About an hour into the procedure, Dr. Smith began the careful work of placing recording-stimulating microelectrodes into Mr. Simpson’s brain to verify the proper location of the target area as seen on the MRI scan. To ensure correct placement of these electrodes and the final DBS electrode, patients remain semi-conscious during surgery. This allows the neurosurgeon to bring out the tremor on command, and then check how the tremor is controlled when the stimulation is turned on. Mr. Simpson groggily said hello to Dr. Smith and Mr. Jenkins and asked how things were going.

“Tim, let’s see if we can get that tremor going,” said Dr. Smith. Mr. Simpson had brought one of his own golf clubs, which was now placed in his hand. He held it up. Nothing. The team waited. “During surgery, we try to use triggers selected by the patient to help bring out the tremor,” explains Dr. Smith. “That could include a coffee cup or pen. In Tim’s case, his tremor was mostly caused when holding a golf club, so that’s what we tried first.”

Next they tried a Styrofoam coffee cup. Still nothing. Next, Dr. Smith placed a cane in Mr. Simpson’s hand. Almost immediately, his hand and arm visibly shivered, then vibrated back and forth in a steady tremor. “There it is,” said Dr. Smith. “Let’s turn the stimulator on.”

Stimulation was applied in varying degrees of intensity until, all at once, the tremor stopped. Mr. Simpson recalls feeling electricity transiently go down his arm and his hand suddenly go still.

“Dr. Smith, as well as Patrick, had told me that during DBS surgery, the moment when the stimulator is turned on tends to be emotional for many patients when they realize that they aren’t shaking anymore,” says Mr. Simpson. “What I remember was the tremendous excitement in the operating room when the stimulator was turned on and my tremor stopped dead. My hand was solid as a rock. This was something I hadn’t experienced in years, and it was amazing.”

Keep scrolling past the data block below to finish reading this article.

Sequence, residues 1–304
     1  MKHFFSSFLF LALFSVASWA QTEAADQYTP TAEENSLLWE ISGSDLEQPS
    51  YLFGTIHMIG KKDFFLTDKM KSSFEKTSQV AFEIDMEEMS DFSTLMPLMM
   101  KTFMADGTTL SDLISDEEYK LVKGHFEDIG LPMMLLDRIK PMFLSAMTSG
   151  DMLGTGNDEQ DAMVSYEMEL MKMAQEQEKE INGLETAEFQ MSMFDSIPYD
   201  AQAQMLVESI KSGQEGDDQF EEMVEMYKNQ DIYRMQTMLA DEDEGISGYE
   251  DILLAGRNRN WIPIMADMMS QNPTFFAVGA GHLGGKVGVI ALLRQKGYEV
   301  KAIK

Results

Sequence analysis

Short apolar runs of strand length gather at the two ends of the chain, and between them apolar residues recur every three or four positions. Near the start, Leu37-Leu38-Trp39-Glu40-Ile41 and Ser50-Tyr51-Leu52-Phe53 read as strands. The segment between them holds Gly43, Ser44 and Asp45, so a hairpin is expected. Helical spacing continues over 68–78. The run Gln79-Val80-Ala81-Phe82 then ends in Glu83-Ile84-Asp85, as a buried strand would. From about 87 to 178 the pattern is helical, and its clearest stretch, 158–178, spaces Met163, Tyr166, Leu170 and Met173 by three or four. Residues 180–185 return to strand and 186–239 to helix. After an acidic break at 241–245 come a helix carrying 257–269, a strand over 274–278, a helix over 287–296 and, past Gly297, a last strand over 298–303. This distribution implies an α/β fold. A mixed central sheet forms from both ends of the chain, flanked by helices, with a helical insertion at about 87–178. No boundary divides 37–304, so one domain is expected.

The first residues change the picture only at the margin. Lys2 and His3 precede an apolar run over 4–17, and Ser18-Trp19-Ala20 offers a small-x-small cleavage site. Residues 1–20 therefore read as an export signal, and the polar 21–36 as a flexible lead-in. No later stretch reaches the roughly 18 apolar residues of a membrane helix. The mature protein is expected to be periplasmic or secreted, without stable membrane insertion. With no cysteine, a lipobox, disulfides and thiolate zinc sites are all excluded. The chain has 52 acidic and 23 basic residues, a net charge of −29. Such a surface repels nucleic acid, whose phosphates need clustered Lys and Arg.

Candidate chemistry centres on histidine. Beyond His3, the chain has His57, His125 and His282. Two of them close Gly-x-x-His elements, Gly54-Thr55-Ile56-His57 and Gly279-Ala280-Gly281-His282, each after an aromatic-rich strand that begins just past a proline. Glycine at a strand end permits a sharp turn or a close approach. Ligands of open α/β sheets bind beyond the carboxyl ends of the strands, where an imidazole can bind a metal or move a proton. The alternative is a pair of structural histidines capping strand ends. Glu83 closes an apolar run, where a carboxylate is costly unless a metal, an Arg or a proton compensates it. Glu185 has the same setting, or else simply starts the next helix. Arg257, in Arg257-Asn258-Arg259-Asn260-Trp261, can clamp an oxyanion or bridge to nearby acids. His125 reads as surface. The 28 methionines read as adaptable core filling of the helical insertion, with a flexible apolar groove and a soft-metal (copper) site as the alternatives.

“Every time we are able to use this treatment to change someone’s quality of life for the better, it is an exciting moment,” says Dr. Smith. “In this case, seeing Tim’s tremor suddenly stop was even more satisfying, knowing that we were providing a chance for him to return to the life and career he loved.”

Tim SimpsonMr. Simpson remained in the 3 West Neuroscience Unit at MCG Medical Center for several days, then went home to Lake Oconee. Unable to resist the draw of the greens, he was back out working on his short game at his home course, the Harbor Club, in just three days.

“It was unbelievable to be able to go back out there, and not experience any tremor at all,” says Mr. Simpson. “I saw it in the hospital and at home, but I had to see it out on the course. When I was practicing out there is when it hit me. The second ball that I pitched from 15 yards went right in the hole, and that is when I started crying. I knew that my prayers had been finally answered.

“Dr. Smith, Dr. Sethi and Patrick have my sincere thanks for their amazing work as well as for their friendships.”

While Mr. Simpson continues to return to the MCG Movement Disorders Clinic for regular checkups and further programming on his device to enhance tremor control, he is 100 percent back to his golf career, busy traveling and competing in tournaments, his eye still on his goal of playing on the Champion’s Tour in 2006.

“Everywhere I go, there are articles written about my surgery and how I am coming back strong. I told Dr. Smith and Dr. Sethi before my surgery that if they could stop me from shaking, I would make them more famous than they already are,” jokes Mr. Simpson. “I plan on fulfilling my end of the bargain. It has been a while since I have won on the PGA Tour, but I assure you, I still know how to win.”